CustomArt IEM Line-Up mini-review

A little while ago, Polish earphone company, CustomArt, approached me about reviewing their Ei.3 model and I was impressed with their low price, high performance recipe. When the opportunity came (via the Head-Fi community) to try a number of other CustomArt IEMs, I jumped at the chance. What follows are a series of short impressions based on the universal, demo versions of the IEMs provided. I’m not discussing build quality and the like here though because these were demo samples only and not necessarily indicative of retail products.

I’m starting the impressions by using my much loved CustomArt Ei.3 as a baseline for comparisons given that they’re from the same ‘house’. All listening was done using JRiver Mediacenter 21 feeding a Cozoy Aegis DAC running to an E12DIY with a BUF634 and OPA627 combo of buffers and op-amps. I’ve used the same hybrid tips on each IEM to maintain a sense of continuity (don’t worry, it was a good fit each time).

CustomArt Ei.3

Despite being a “budget” offering in acrylic, the Ei.3 shouldn’t be discounted. I’ve written full reviews so I’ll keep the comments confined purely to sound here. The Ei.3 has great balance in its tuning. The bass is solid and full without being bloated or over-emphasised. It’s still not the deepest or punchiest bass around, but it has nice weight and a bit of kick when it’s needed. To me, it’s a really nice, comfortable bass tuning. The mids are equally well managed with a good balance compared to other frequencies and a nice sense of weight. The treble has some slight character at the lower end and rolls off fairly quickly, but avoids sounding dull or too smooth thanks to the lower treble texture. It’s only when directly compared with other earphones that you might realise there is any roll-off from the Ei.3 – it’s very tastefully managed. The result from all this is a really well balanced sound that is slightly smooth and warm, but not at the expense of clarity and engagement.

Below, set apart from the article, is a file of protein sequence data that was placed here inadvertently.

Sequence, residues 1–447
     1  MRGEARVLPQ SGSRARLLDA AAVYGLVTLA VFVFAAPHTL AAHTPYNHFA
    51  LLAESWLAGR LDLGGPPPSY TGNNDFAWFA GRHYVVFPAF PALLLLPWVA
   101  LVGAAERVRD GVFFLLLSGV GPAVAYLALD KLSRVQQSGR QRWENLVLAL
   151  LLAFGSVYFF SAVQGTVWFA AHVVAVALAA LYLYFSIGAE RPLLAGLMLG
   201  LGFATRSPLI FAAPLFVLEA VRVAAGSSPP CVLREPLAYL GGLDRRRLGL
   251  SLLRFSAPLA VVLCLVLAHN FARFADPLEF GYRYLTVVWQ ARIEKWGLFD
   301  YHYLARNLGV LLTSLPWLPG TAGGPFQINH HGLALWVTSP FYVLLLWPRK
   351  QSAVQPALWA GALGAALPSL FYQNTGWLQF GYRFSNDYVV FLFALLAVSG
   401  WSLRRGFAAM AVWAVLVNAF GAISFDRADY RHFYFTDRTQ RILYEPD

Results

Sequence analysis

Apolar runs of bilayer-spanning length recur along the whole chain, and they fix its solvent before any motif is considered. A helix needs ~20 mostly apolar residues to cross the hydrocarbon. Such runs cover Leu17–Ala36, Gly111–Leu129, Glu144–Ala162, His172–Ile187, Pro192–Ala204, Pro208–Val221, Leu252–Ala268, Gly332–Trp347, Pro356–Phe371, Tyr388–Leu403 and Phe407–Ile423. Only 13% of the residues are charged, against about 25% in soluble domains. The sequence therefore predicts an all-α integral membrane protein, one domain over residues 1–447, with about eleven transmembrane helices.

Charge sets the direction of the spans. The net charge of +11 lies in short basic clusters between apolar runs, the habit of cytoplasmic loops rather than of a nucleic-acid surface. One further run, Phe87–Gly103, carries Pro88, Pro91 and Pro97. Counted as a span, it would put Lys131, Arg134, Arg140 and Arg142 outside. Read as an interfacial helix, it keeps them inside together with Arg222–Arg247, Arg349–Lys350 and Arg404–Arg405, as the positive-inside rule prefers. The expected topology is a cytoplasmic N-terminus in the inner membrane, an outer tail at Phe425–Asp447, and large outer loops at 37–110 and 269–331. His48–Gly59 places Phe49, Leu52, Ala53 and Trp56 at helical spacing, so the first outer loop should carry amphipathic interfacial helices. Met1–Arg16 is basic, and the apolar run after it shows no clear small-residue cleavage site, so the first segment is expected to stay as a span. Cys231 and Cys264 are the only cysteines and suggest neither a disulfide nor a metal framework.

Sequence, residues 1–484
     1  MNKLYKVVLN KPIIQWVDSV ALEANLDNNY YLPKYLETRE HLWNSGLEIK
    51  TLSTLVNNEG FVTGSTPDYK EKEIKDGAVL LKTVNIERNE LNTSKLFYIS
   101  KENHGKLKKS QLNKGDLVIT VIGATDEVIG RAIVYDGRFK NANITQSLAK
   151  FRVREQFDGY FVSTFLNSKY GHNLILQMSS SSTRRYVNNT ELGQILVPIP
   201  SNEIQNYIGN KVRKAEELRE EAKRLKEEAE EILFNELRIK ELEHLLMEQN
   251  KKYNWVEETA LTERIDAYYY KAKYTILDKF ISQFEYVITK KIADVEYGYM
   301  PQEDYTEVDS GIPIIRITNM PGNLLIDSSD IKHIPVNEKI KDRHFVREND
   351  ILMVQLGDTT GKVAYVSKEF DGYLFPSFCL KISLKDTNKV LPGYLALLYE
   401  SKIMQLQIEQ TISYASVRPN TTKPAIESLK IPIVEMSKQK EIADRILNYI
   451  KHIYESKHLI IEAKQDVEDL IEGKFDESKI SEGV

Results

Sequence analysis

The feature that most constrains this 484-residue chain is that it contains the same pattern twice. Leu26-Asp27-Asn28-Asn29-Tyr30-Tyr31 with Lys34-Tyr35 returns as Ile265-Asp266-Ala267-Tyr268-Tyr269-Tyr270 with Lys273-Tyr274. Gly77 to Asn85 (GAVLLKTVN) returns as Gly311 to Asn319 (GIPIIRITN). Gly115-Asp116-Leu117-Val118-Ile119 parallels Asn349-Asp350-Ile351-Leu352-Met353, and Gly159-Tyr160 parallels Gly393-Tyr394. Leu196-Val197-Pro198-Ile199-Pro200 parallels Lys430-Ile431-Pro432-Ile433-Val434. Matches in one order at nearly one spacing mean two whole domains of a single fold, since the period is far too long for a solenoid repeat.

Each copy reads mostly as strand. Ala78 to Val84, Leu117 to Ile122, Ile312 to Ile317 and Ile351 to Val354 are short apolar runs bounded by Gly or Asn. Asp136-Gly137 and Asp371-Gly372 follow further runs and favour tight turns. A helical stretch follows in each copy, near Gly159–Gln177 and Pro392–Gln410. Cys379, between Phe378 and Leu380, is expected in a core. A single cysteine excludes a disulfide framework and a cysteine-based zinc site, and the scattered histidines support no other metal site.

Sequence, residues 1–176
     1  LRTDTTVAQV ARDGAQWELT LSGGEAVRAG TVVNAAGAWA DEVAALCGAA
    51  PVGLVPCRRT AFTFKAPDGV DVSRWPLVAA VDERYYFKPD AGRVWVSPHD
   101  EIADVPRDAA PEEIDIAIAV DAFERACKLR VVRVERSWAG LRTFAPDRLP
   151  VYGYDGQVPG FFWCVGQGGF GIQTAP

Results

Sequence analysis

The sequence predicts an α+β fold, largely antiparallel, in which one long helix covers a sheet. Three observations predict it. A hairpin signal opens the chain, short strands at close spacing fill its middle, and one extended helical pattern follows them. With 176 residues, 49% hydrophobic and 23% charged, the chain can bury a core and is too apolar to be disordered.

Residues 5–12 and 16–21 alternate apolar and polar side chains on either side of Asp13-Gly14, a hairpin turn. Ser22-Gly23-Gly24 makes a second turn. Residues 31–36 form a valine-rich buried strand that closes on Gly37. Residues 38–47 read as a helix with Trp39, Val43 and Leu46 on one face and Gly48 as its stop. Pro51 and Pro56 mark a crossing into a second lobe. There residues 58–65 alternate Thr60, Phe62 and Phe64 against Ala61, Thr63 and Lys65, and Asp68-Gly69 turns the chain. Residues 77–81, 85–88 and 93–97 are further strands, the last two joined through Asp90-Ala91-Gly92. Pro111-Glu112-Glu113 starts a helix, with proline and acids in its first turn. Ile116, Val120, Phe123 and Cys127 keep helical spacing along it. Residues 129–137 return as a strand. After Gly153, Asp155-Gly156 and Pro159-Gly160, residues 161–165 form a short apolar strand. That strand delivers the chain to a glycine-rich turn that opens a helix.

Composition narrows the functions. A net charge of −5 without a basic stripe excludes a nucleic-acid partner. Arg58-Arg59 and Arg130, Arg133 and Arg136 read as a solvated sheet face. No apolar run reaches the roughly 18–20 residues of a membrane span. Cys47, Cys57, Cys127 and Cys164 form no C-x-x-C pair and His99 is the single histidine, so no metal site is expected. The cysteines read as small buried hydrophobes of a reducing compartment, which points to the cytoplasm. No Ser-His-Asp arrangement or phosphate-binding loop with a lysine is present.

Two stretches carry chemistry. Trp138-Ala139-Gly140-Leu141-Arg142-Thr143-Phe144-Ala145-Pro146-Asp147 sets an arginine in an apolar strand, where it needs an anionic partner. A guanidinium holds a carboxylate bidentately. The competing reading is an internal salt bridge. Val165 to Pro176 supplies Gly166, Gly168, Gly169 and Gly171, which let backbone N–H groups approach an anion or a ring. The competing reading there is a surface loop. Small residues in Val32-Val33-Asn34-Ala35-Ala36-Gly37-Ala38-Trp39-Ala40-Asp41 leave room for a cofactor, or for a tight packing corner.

Imaging and staging is exceptional for a “budget” CIEM with nice width and fairly good height. The Ei.3s are very adept at creating a sharp central image with a nice hint of forward projection rather than sticking the image directly between the ears – with the Ei.3 the image is a bit forward of the eyebrows.

So to summarise and provide a consistent approach for comparison I’ll use the following categories for subjective comments:

  • Treble: great quality, slightly smooth and slightly rolled off
  • Mids: well balanced with good weight
  • Bass: nice body and decent kick, extension isn’t amazing but it’s good
  • Imaging: excellent clarity and definition in a stage that’s a nice size, but not expansive

CustomArt Pro330v2